How Rona lost (at least) $50 in guaranteed sales

Recently, I was preparing to visit some friends who are in the process of moving house.  Knowing that they will have a need for home improvement products, I decided that a gift card from a home improvement store would be an appropriate gift.  So I went to my nearest Rona Home & Garden store, and asked to buy a $50 gift card.  When I took out my credit card to make the payment, I was told by the cashier that Rona only accepts cash or debit when purchasing gift cards, and does not accept credit cards.  I asked her if she is sure, and she insisted that a Rona gift card must be paid for by either cash or debit.  So I bid her farewell, and proceeded to a Home Depot store.  There, I quickly bought a $50 Home Depot gift card with my credit card, and was on my way within minutes.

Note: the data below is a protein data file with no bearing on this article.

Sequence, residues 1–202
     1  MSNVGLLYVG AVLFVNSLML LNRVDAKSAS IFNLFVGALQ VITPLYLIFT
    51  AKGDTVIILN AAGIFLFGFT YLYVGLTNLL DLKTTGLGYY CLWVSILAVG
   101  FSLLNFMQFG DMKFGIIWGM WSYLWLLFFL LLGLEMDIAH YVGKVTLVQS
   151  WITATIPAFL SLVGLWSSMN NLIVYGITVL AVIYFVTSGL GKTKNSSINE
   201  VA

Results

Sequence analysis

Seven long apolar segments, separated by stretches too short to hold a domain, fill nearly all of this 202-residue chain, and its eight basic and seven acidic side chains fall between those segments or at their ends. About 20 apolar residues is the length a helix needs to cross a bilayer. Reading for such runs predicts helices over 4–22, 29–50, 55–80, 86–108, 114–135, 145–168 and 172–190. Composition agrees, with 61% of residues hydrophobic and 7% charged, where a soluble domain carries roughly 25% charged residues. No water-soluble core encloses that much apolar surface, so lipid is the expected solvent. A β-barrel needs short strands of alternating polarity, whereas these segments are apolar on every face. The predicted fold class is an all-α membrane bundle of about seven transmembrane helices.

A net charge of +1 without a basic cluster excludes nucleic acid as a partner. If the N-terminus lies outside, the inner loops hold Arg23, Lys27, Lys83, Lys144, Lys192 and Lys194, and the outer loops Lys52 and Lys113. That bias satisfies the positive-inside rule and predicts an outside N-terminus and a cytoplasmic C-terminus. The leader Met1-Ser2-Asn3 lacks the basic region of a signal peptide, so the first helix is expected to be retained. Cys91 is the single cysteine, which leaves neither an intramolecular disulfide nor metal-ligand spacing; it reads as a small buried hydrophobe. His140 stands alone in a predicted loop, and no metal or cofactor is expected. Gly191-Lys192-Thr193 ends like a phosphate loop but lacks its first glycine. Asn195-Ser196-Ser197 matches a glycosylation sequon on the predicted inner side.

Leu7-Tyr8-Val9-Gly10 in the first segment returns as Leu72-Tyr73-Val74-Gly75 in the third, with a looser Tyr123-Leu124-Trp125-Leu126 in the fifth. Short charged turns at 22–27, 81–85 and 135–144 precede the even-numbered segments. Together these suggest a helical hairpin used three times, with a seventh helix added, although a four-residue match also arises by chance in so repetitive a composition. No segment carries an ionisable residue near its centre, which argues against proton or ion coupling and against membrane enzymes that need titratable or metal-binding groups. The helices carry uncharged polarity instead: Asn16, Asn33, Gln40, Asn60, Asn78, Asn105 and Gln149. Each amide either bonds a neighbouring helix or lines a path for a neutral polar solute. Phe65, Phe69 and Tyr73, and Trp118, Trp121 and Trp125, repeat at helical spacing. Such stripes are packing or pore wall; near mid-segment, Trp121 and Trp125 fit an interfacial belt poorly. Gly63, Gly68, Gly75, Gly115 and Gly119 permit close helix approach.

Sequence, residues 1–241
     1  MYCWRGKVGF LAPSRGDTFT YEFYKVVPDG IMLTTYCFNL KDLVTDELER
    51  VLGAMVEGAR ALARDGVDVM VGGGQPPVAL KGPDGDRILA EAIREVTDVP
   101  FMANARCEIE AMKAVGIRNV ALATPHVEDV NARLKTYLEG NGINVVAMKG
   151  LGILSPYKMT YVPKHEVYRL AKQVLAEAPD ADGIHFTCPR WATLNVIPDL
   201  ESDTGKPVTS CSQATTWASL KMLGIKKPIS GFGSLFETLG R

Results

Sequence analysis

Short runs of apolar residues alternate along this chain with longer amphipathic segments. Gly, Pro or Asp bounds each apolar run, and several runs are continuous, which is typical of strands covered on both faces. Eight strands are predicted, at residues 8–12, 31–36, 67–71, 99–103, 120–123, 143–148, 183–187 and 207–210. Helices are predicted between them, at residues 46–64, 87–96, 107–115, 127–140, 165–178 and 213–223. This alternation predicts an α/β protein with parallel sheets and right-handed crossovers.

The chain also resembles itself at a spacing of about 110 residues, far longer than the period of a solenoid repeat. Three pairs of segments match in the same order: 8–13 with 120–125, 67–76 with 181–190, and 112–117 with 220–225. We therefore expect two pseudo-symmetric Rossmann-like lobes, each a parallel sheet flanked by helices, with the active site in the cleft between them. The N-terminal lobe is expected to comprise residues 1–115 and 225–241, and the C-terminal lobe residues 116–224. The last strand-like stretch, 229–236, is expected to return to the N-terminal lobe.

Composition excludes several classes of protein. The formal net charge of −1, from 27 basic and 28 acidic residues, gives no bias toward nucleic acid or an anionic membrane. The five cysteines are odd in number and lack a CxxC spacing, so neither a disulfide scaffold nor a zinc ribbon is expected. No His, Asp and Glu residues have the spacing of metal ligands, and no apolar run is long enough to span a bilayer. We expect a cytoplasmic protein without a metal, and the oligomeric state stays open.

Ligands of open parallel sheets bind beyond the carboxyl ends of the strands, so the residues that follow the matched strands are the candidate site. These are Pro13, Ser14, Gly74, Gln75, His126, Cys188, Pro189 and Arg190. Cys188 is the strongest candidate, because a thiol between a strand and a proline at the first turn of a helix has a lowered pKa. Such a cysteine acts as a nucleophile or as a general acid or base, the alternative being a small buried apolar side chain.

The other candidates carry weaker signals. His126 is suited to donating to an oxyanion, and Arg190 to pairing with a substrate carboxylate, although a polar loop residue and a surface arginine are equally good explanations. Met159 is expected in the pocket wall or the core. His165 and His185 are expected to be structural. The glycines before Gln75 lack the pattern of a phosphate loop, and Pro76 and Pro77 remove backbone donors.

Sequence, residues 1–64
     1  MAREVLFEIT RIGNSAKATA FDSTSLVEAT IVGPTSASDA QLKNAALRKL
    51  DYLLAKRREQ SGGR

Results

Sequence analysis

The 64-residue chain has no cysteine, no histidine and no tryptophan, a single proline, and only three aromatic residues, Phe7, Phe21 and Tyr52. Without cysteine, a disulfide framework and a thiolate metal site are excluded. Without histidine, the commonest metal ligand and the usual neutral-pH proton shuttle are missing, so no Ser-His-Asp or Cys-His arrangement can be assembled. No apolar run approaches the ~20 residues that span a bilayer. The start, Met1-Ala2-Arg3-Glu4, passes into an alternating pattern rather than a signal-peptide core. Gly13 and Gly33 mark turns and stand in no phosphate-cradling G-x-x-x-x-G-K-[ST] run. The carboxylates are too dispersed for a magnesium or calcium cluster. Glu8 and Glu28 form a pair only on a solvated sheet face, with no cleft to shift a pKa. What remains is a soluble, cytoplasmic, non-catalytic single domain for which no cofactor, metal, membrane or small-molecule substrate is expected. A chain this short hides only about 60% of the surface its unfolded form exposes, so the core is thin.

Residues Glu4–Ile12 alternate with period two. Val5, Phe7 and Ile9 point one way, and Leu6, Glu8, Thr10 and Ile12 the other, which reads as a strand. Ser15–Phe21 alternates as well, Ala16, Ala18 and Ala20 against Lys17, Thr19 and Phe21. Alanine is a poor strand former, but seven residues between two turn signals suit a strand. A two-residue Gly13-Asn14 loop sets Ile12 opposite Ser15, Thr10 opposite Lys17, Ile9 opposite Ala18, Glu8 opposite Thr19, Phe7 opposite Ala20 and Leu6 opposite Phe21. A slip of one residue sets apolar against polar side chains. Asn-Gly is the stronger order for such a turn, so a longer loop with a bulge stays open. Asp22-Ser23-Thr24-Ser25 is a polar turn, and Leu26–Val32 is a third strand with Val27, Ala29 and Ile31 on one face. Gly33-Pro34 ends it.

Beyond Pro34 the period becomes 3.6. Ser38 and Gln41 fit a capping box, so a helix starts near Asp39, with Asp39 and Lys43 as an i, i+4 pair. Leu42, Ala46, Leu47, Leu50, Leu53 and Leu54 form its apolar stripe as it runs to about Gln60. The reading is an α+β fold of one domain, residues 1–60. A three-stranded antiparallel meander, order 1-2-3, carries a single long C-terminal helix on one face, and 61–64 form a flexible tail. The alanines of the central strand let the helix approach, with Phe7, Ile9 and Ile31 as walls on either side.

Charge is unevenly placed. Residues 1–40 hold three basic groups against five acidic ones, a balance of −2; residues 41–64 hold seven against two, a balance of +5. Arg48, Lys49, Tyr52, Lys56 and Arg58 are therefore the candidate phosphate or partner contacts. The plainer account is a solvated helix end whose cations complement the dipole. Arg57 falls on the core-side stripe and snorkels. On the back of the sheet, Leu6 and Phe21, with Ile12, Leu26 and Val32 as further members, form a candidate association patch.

My friends were happy to receive the $50 Home Depot gift card.  They told me that they do need to buy quite a few things for their new house – at least a few hundred dollars worth, if not a thousand or two.  With my gift card, they intend to visit Home Depot first.

In this case, then, it is obvious that Rona’s loss is Home Depot’s gain.


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2 Responses to “How Rona lost (at least) $50 in guaranteed sales”

  1. Response from Rona « To ANNE FLEETWOOD: a public notice Says:

    […] I received an email response from Rona regarding the gift card purchase incident I outlined earlier here.  I am satisfied with the response, and am reproducing it below word-for-word (i.e. […]


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